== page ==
Vaginal bleeding during pregnancy can occur frequently in the first trimester of pregnancy, and may not be a sign of problems. However, bleeding that occurs in the second and third trimester of pregnancy can often be a sign of a possible complication. Bleeding can be caused by a number of potential reasons.
Some basic things to know about bleeding:
Bleeding can be a sign of miscarriage, but does not mean that miscarriage is imminent.
Signs of Miscarriage include:
Most miscarriages cannot be prevented. They are often the body’s way of dealing with an unhealthy pregnancy that was not developing. A miscarriage does not mean that you cannot have a future healthy pregnancy or that you yourself are not healthy. Since bleeding that occurs in the first half of pregnancy is so common, many wonder what the causes are besides some of the complications already mentioned.
Bleeding can occur in early pregnancy due to the following factors:
Finding out the cause of bleeding in pregnancy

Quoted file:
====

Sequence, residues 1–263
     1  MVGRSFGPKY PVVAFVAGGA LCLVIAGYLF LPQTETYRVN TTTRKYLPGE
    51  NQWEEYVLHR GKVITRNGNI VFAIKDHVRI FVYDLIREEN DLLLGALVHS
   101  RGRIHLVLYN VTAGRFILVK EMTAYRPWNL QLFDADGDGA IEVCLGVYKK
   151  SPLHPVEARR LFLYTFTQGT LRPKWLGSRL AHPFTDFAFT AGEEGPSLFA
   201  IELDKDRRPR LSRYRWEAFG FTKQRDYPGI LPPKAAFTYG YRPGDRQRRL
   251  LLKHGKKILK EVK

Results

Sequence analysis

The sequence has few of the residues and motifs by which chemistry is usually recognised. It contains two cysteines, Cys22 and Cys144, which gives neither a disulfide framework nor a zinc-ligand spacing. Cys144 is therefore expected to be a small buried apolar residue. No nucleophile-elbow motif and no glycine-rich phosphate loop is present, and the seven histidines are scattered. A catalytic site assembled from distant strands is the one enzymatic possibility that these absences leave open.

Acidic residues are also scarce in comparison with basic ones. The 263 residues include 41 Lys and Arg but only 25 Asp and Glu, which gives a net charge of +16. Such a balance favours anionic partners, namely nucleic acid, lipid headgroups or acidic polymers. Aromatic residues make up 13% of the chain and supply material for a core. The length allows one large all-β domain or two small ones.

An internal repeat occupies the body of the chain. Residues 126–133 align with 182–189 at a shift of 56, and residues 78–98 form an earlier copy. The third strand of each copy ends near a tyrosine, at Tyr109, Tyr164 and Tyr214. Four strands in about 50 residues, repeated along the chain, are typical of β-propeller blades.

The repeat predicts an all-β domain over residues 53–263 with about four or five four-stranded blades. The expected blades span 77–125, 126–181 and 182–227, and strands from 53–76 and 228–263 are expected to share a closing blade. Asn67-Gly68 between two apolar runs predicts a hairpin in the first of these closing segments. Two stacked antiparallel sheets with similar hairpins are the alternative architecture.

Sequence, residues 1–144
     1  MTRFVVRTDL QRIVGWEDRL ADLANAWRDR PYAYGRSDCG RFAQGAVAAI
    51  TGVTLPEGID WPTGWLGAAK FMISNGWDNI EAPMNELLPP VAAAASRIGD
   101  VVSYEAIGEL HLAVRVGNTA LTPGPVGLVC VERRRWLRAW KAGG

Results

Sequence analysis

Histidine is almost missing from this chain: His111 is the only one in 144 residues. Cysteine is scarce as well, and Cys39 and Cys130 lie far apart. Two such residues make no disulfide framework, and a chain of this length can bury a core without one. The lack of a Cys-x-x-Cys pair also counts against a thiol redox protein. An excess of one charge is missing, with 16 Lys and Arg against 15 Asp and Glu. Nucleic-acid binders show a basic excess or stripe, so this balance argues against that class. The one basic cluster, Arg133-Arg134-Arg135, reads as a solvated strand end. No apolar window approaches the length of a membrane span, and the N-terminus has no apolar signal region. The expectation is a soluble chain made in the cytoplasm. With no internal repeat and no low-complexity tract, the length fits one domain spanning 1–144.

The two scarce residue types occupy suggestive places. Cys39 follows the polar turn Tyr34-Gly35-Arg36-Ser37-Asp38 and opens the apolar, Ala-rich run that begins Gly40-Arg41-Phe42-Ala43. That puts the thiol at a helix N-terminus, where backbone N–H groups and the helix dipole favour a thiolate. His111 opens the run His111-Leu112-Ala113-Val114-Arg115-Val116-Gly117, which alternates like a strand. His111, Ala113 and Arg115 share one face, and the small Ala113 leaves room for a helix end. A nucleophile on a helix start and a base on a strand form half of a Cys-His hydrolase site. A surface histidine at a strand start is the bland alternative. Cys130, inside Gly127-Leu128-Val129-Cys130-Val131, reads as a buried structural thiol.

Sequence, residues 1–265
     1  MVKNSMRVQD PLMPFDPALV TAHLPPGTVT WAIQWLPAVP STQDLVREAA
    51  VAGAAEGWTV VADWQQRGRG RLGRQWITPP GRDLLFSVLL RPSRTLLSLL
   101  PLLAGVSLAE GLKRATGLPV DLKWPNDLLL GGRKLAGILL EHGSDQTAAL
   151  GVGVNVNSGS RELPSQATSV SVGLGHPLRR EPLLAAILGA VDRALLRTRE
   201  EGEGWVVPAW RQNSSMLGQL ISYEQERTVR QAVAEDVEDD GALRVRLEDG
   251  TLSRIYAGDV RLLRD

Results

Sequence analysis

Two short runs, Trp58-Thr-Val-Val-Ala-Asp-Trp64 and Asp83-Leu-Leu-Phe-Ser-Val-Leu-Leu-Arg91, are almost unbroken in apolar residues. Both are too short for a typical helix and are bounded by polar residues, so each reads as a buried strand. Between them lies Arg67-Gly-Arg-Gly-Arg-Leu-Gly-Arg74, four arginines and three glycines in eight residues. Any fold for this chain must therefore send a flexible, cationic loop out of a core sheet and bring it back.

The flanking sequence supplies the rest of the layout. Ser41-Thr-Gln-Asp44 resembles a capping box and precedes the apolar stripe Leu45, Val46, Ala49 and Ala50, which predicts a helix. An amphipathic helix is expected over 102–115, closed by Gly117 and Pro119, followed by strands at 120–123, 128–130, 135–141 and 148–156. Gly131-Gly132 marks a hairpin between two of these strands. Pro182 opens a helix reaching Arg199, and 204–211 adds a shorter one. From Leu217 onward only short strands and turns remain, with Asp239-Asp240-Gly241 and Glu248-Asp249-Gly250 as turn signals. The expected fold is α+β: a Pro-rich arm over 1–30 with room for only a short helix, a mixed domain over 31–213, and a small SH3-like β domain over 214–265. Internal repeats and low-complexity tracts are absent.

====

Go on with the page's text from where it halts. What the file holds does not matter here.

To work out what is causing the bleeding, you may need to have a vaginal or pelvic examination, an ultrasound scan or blood tests to check your hormone levels. Your doctor will also ask you about other symptoms, such as cramp, pain and dizziness. Sometimes the cause of bleeding cannot be found.
If your symptoms are not severe and your baby is not due for a while, you will be monitored and, in some cases, kept in hospital for observation. How long you need to stay in hospital depends on the cause of the bleeding and how many weeks pregnant you are. Being in hospital allows staff to keep an eye on you and your baby, so they can act quickly if there are further problems.